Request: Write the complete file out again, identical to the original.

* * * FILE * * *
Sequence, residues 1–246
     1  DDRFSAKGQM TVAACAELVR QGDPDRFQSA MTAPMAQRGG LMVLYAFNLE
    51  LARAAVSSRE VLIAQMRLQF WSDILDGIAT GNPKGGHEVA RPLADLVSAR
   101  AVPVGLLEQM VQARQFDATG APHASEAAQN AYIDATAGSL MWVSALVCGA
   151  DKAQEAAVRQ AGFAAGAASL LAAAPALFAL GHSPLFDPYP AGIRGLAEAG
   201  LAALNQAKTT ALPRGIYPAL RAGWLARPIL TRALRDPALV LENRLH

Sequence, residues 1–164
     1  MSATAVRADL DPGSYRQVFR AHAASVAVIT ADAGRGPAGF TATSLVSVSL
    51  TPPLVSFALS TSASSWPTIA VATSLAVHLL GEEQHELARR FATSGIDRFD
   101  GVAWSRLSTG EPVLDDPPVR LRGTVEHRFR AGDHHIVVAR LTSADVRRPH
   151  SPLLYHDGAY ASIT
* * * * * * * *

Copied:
Sequence, residues 1–246
     1  DDRFSAKGQM TVAACAELVR QGDPDRFQSA MTAPMAQRGG LMVLYAFNLE
    51  LARAAVSSRE VLIAQMRLQF WSDILDGIAT GNPKGGHEVA RPLADLVSAR
   101  AVPVGLLEQM VQARQFDATG APHASEAAQN AYIDATAGSL MWVSALVCGA
   151  DKAQEAAVRQ AGFAAGAASL LAAAPALFAL GHSPLFDPYP AGIRGLAEAG
   201  LAALNQAKTT ALPRGIYPAL RAGWLARPIL TRALRDPALV LENRLH

Sequence, residues 1–164
     1  MSATAVRADL DPGSYRQVFR AHAASVAVIT ADAGRGPAGF TATSLVSVSL
    51  TPPLVSFALS TSASSWPTIA VATSLAVHLL GEEQHELARR FATSGIDRFD
   101  GVAWSRLSTG EPVLDDPPVR LRGTVEHRFR AGDHHIVVAR LTSADVRRPH
   151  SPLLYHDGAY ASIT